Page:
The signature stuff I did with Kink, the Lost Dutchman and the Badger Bars, I did all the graphics for Kink at the time that was happening was down at that point (as we now know, BMX goes up and down through the years). We had a lot of hands-on all the way down to the magazine Ad direction. We would go shoot the photos with a friend who was a photographer, and I had another friend who was picking up freelance work as a graphic designer, so he would put the ads together. Everything kind of worked in that small world back then, and it still does to a certain aspect. With Odyssey, I worked under Jim Bauer, whos the art director, and that was during the filming of the Electronical video. All of the titles in that video with everyone's last name were these big handmade light boards, similar to the old 70s Light Bright things. We brought those physical light boards out and had them at the shoot instead of having some digital intro or digital title. That summer was heavy with that video, and Jim has always been really into making real tangible things wherever he can. Even down to he made illustrations and animations that are made for Odyssey commercials. He hand-painted a billboard for a RIDE Magazine cover with Gary Young. Anything he can do physically, that’s real art, he always gravitated towards that, and I kind of was just an extension of that; he’d have an idea, and we would create it. That summer for the catalog, it was very art oriented, I spent a couple of weeks making a doll house for the catalog, and that was the team rider page.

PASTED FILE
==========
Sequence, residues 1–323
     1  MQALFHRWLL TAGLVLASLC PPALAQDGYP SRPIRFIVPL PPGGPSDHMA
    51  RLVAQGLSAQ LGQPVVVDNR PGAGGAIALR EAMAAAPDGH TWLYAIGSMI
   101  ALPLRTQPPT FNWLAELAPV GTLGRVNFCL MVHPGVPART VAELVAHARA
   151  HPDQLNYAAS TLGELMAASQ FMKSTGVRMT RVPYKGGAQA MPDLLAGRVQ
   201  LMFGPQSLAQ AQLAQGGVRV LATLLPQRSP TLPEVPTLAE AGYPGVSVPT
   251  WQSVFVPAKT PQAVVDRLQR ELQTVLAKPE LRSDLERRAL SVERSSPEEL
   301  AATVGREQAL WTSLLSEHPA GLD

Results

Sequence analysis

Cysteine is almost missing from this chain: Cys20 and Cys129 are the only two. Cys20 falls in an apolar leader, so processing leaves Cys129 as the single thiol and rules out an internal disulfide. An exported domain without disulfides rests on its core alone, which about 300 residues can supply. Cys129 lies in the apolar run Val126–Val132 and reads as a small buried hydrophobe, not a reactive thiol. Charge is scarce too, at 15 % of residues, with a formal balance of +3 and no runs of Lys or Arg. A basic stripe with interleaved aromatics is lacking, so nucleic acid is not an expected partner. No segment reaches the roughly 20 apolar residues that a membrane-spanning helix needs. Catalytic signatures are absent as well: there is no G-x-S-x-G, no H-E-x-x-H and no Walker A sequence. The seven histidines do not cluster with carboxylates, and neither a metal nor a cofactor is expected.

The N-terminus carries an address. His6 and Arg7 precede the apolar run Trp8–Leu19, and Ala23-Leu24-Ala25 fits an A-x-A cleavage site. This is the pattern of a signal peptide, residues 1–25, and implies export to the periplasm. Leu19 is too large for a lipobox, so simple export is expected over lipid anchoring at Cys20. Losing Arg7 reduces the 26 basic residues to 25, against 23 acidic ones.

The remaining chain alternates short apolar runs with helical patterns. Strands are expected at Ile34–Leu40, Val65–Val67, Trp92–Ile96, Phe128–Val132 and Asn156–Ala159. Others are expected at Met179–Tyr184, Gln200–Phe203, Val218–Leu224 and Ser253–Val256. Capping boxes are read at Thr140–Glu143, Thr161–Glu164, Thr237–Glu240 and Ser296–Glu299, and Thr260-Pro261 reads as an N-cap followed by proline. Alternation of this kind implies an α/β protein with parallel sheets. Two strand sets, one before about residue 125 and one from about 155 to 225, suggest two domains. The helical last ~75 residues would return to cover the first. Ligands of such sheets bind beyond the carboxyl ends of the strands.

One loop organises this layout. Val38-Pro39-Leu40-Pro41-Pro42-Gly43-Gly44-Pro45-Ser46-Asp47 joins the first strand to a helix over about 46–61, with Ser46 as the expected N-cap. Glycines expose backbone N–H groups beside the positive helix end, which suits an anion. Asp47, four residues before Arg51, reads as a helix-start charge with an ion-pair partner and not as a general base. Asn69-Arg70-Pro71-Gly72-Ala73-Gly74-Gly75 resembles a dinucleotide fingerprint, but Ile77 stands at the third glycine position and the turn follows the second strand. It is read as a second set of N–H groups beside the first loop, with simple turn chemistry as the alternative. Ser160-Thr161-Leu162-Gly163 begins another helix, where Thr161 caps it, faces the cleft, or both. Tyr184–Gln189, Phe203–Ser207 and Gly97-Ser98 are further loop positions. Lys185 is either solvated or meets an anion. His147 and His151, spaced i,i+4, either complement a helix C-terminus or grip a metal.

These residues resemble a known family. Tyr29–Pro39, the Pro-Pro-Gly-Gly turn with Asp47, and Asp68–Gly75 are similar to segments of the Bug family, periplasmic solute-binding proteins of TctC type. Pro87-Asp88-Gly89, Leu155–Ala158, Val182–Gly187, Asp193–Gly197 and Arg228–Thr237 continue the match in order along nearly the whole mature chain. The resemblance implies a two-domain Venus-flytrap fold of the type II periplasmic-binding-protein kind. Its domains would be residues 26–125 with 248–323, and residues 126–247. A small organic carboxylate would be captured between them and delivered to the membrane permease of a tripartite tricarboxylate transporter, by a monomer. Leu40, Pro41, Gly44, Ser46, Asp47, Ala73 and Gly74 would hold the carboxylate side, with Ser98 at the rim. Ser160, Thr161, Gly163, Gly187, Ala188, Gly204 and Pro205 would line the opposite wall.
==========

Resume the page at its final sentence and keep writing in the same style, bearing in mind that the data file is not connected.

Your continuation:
Inside the doll house, I had mad little figurines of all the riders. Jimmy Levan was upstairs in the bathroom, or like Jim Cielinski was downstairs in the kitchen cooking, and all the products were in these diorama boxes that I had made. There was a lot in there that catered to each product, and it came with a lot of real sculptural type work. Rather than just taking a photo of the part and putting it on the page, there was a lot of thought that went into each part. And that was my role there, which looking back, was amazing. Just being able to create cool and fun things for my job every day was pretty sweet. I don’t think I appreciated it as much at the time as I do now.

From his time as a rider and creator, was there one specific moment that changed KC Badger’s life trajectory?

I think the underlying factor is the motivation for doing everything that is fun and I’m passionate about. That started from a really young age because of BMX racing, and I still laugh to this day that 90% of my friend group is because of riding a bike, which all started from BMX racing. Going to the track and that sense of community, now that I can look back at that retrospectively, created that path in my life. I wanted to be around a community that was like-minded, creating stuff or being on a life path that is passion-driven instead of monetary-driven. I think it’s pretty safe to say with anyone in the BMX world, it’s passion-driven and not monetary-driven. And that kind of carried through every facet of my life, and it still does. Everything that I do is because I want a sense of community within the things that I do, and I want to surround myself with like-minded people. I think the BMX world is very special in that aspect of how welcoming everything can be and how that carries forward in life.

It’s such a cliche story to say I watched RAD, and that’s how I got into BMX racing, but I’m super thankful for that, man. I always loved riding a bike, but if it weren’t for racing, I don’t think my life would have been as fulfilling as it has been, and I wouldn’t have had the opportunities to travel the world like I have and made the friendships that I have. It’s crazy to think it all started from a weekend at Chandler BMX.